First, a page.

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by Nick Westoll and Tarun Paul Singh

More than 100 Sikh security guards at companies contracted by the City of Toronto have been removed from their postings for not shaving their faces even though it is a central requirement of their faith, employees and advocates say.

Birkawal Singh Anand told Omni Television in an interview on Monday that he was hired by ASP Security around two months ago and was assigned to work at one of the City of Toronto’s 24-7 respite centres. But on June 19, Singh Anand said he was told about the so-called “clean-shave” directive.

“If you want to work for next week onwards, you have to follow the City directive mandate and that is you have to be clean shaved,” he said.

“All the guards I know who chose to keep their beard are removed from the site. We are no longer working there.”

Singh Anand said the choice between honouring their faith and meeting bureaucratic requirements is concerning.

“Everyone is disturbed because for us keeping no beard is something like peeling off our skin … That is like a uniform to us,” he said, fearing this type of requirement can be expanded in the future.

“They’re asking for the beard, tomorrow they can come for the turban or they can ask for other things right?”

Singh Anand said he will be meeting with a legal representative later this month to discuss what happened.

On Monday, the World Sikh Organization of Canada (WSO) once again highlighted its plea to the City of Toronto for action back in June after the “clean-shave” requirement was put in place at sites operated by the City’s Shelter, Support and Housing Administration division.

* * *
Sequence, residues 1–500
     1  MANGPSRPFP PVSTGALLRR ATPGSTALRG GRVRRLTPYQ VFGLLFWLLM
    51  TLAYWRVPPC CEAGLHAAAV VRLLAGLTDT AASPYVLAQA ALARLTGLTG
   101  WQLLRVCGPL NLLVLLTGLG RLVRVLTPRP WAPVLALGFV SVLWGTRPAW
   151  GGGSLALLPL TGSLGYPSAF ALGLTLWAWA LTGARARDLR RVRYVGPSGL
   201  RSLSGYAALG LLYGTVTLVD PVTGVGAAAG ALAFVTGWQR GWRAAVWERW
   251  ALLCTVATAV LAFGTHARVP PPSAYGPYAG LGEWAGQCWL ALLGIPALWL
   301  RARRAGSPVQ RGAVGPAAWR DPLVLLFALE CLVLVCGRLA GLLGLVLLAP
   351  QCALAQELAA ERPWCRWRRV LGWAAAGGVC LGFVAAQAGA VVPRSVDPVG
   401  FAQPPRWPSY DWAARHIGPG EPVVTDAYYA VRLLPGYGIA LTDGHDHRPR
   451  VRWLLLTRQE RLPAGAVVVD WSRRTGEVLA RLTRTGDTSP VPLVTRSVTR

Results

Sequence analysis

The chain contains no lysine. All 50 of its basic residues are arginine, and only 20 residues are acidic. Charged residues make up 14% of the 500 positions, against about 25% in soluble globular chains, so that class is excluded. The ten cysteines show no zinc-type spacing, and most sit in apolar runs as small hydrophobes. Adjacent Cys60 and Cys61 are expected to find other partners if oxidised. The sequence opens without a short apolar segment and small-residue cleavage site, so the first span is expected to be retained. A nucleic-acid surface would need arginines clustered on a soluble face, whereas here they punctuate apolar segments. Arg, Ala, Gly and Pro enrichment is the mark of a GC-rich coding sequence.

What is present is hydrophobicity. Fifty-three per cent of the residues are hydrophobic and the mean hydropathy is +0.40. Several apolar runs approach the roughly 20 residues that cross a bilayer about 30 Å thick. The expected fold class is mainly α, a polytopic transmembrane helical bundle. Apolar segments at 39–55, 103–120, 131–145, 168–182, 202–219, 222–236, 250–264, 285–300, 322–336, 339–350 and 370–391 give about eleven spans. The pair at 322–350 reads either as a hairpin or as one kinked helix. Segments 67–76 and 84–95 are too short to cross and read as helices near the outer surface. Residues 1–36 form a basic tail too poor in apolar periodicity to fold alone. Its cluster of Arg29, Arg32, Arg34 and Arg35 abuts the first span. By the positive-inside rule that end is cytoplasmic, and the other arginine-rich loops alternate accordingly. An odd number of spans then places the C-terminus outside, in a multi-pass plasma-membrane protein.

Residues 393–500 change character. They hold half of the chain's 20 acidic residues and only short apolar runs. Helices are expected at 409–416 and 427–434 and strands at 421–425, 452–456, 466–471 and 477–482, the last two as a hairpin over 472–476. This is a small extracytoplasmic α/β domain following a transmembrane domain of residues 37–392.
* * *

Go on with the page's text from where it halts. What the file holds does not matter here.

The policy in place relates to the fitting of N95 respirators, which calls for the masks to be fitted against bare skin.

The WSO called out the requirement, noting many City of Toronto properties do not require visitors to wear masks. The organization also said the “clean-shave” rule isn’t being enforced more broadly.

“These Sikh security guards served through the height of the COVID pandemic wearing medical masks and were not required to be clean-shaven,” the WSO stated.

“In response to the new rule, City of Toronto security contractors such as GardaWorld, Star Security and ASP Security have removed Sikh security guards from City of Toronto sites.

“Some Sikh guards have been laid off while others have been sent to alternative sites. Such relocations often come with a demotion in both rank and salary. In many instances, individuals who had been hired as supervisors or managers have been demoted to security guards.”

Meanwhile, Singh Anand also noted there are facial hair requirements in the Muslim faith as well. He went on to question why the directive appeared to be just for security guards, adding clients and staff can wear surgical masks or even no masks in certain situations.

Singh Anand went on to say emergency services crews who attended the sites didn’t appear to have to adhere to the policy requirement.

When contacted by CityNews on Monday to ask about the WSO’s concerns, a spokesperson for the City of Toronto said municipal officials received a complaint about “a few of its security guard contractors.”

The spokesperson noted that all contractors must agree to follow the City of Toronto’s human rights and anti-harassment/discrimination policy, and all relevant human rights laws.

“The City is reviewing the complaint which alleges that certain contractors failed to accommodate their own employees in relation to the City’s Shelter, Support and Housing Administration (SSHA) division’s requirement for the use of N-95 masks for all staff and contractors who may come into contact with any person who has or is suspected of having COVID-19,” Erin Whitton wrote.

However, it was noted the City’s mask policy also makes room for accommodations.

“Employees of contractors who seek accommodation should have their requests assessed in accordance with the contractors’ own human rights policies,” Whitton said.

“The City has a standardized process for addressing complaints about contractors, which requires contractors to review and respond to the complaint under the contractor’s appropriate internal process.”

CityNews also contacted the three security companies cited by the WSO (GardaWorld, Star Security and ASP Security) Monday afternoon to ask for a response to the letter by the WSO. However, responses weren’t received by the time of this story’s initial publication. This story will be updated if responses are received.